Research Paper: Brady V Maryland and Other Due Process Cases

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¶ … Supreme Court cases have clarified that prosecutors must reveal evidence to the defense that could be favorable to the defendant. These cases have established legal precedent that governs such disclosure, and provided the underlying logical basis for it.

The 1963 case Brady v Maryland was one of the first to establish this rule. In this case, Brady and a companion were convicted of first degree murder and sentenced to death. The companion's name was Boblit. Brady admitted that he participated in the murder, but argued that Boblit had been the one who did the killing. In the original case, the Brady guilty plea was done asking the jury not to return capital punishment, but they did anyway. This is what precipitated the move by Brady, asking prosecutors to see Boblit's extrajudicial statements.

All but one of these statements was revealed. However, there was one statement in which Boblit admitted being the one who did the killing, but this was withheld by prosecutors until after Brady had been convicted and sentenced, and the conviction affirmed. Brady petitioned for a retrial on the basis of this newly-discovered evidence. The initial trial court ruling was against the petitioner, but the Appeals court ruled that the petitioner's right to due process was violated by this evidence being withheld. The Supreme Court sided with the Appeals Court, and ordered a retrial on the question of punishment. The Brady case was deemed "an extension of Mooney v. Holohan, where the Court also ruled on what nondisclosure of evidence violates due process.

The Brady case essentially strengthened Fifth Amendment protects for due process, by ensuring that evidence be entered, in particular that the prosecutors cannot withhold key evidence. The suppression of evidence favorable to the defendant was deemed a violation of the defendant's right to due process. The case has been used to discredit law enforcement officers where they have a history of lying or withholding evidence. The presumed credibility of law enforcement has been a tenet of court trials, but this case was one of the earlier instances where demonstrable actions by law enforcement in violation of the Fifth Amendment were noted. The credibility of other witnesses has also come into question as a result of this ruling -- even the suspicion that somebody might be withholding something can discredit a witness.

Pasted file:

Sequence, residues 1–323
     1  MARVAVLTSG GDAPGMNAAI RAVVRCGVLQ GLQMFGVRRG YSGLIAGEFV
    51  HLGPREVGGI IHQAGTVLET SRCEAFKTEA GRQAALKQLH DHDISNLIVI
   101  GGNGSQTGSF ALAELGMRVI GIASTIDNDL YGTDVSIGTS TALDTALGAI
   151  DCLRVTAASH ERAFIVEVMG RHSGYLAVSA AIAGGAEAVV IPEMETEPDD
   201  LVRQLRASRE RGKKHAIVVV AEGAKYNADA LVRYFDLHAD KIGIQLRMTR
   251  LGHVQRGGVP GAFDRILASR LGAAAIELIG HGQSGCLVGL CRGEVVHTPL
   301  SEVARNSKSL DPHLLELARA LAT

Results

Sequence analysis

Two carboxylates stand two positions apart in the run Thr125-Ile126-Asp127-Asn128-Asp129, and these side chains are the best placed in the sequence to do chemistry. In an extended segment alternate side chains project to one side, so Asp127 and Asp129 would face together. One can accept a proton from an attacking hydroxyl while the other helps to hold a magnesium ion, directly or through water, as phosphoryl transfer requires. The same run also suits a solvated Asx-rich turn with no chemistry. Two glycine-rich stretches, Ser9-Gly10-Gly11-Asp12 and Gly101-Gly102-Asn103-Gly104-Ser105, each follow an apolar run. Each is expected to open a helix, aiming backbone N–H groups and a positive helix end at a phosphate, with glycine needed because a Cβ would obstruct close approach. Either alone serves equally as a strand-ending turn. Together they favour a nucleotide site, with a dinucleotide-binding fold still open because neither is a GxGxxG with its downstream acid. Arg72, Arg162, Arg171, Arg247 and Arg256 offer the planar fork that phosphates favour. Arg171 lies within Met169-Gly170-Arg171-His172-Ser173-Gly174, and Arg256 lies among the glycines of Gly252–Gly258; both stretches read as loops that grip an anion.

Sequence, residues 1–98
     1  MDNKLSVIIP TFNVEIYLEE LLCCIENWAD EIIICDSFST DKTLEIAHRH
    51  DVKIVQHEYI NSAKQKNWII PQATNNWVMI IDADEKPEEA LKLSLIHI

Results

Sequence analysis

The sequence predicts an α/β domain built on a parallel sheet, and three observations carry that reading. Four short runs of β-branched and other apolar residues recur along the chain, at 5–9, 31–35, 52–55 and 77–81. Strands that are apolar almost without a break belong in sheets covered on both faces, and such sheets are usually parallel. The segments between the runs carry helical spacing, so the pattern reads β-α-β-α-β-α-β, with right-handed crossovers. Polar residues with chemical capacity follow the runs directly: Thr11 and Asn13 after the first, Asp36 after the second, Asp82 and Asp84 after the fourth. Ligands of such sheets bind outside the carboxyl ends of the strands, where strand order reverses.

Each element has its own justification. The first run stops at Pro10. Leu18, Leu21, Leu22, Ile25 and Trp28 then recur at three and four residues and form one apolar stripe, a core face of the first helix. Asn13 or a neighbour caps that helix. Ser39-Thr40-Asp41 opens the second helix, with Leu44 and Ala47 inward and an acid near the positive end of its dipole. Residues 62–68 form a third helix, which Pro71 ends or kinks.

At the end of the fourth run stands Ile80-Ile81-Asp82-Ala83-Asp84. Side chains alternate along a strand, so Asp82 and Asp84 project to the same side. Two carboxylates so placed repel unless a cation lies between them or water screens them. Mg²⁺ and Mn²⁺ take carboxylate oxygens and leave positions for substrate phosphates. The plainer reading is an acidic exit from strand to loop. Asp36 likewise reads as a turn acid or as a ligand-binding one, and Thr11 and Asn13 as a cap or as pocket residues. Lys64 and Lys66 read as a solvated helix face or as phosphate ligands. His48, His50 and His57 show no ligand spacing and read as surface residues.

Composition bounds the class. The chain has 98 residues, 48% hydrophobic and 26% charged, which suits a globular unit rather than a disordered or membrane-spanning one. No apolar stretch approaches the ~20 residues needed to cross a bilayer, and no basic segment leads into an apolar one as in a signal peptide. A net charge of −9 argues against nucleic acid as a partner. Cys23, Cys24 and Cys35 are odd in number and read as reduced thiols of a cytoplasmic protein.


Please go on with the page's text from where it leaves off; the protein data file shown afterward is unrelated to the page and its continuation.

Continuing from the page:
Giglio v United States was a 1972 case that built upon the foundation of Brady. In Giglio, the government prosecutors can promised leniency to a witness in exchange for that witness' testimony. In this case, there was only one key witness for the prosecution, Taliento. Federal prosecutors promised that Taliento would not face prosecution if he would testify at grand jury and trial for Giglio, with whom Taliento had committed ongoing bank fraud. Without Taliento's testimony, the case against Giglio would have been much weaker. However, the grand jury and trial jury were not informed that the prosecution had made such a deal.

It was held that the failure to inform the defense of this deal constituted a breach of due process. This was an… [END OF PREVIEW]

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Brady V Maryland and Other Due Process Cases.  (2016, April 7).  Retrieved August 19, 2019, from

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"Brady V Maryland and Other Due Process Cases."  7 April 2016.  Web.  19 August 2019. <>.

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"Brady V Maryland and Other Due Process Cases."  April 7, 2016.  Accessed August 19, 2019.